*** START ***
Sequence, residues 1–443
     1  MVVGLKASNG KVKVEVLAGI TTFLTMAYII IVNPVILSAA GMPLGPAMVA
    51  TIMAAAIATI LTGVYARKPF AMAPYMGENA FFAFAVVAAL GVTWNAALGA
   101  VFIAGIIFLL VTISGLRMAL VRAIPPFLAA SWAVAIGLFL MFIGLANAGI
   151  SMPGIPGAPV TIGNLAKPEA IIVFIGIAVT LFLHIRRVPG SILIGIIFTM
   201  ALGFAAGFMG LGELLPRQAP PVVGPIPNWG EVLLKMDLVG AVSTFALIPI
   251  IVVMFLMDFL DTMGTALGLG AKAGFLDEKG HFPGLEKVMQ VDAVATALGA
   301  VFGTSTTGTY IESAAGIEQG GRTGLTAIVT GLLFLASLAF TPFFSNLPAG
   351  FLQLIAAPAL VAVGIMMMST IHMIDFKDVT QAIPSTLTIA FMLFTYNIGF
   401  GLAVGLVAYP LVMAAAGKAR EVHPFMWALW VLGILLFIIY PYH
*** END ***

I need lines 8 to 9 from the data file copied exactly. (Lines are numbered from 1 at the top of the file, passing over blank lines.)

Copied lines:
   301  VFGTSTTGTY IESAAGIEQG GRTGLTAIVT GLLFLASLAF TPFFSNLPAG
   351  FLQLIAAPAL VAVGIMMMST IHMIDFKDVT QAIPSTLTIA FMLFTYNIGF